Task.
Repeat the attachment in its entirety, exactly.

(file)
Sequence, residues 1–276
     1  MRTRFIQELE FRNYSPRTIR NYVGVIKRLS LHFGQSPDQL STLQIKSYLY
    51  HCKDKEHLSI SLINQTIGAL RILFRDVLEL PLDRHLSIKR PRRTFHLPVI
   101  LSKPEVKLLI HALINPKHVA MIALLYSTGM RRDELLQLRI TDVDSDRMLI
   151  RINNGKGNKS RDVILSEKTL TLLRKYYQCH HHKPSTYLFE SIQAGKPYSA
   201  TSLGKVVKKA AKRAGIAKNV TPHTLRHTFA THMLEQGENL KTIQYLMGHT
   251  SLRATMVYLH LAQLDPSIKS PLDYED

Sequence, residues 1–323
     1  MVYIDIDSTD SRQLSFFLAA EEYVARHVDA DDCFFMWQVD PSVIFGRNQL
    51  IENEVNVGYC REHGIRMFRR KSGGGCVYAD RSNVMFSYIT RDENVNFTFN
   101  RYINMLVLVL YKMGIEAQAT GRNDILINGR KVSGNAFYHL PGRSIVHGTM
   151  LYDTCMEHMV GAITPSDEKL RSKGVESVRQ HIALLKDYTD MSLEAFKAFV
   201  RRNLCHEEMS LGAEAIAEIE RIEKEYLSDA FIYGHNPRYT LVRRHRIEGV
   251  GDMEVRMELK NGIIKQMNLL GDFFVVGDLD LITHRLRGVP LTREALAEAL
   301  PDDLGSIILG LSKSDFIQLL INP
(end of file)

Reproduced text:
Sequence, residues 1–276
     1  MRTRFIQELE FRNYSPRTIR NYVGVIKRLS LHFGQSPDQL STLQIKSYLY
    51  HCKDKEHLSI SLINQTIGAL RILFRDVLEL PLDRHLSIKR PRRTFHLPVI
   101  LSKPEVKLLI HALINPKHVA MIALLYSTGM RRDELLQLRI TDVDSDRMLI
   151  RINNGKGNKS RDVILSEKTL TLLRKYYQCH HHKPSTYLFE SIQAGKPYSA
   201  TSLGKVVKKA AKRAGIAKNV TPHTLRHTFA THMLEQGENL KTIQYLMGHT
   251  SLRATMVYLH LAQLDPSIKS PLDYED

Sequence, residues 1–323
     1  MVYIDIDSTD SRQLSFFLAA EEYVARHVDA DDCFFMWQVD PSVIFGRNQL
    51  IENEVNVGYC REHGIRMFRR KSGGGCVYAD RSNVMFSYIT RDENVNFTFN
   101  RYINMLVLVL YKMGIEAQAT GRNDILINGR KVSGNAFYHL PGRSIVHGTM
   151  LYDTCMEHMV GAITPSDEKL RSKGVESVRQ HIALLKDYTD MSLEAFKAFV
   201  RRNLCHEEMS LGAEAIAEIE RIEKEYLSDA FIYGHNPRYT LVRRHRIEGV
   251  GDMEVRMELK NGIIKQMNLL GDFFVVGDLD LITHRLRGVP LTREALAEAL
   301  PDDLGSIILG LSKSDFIQLL INP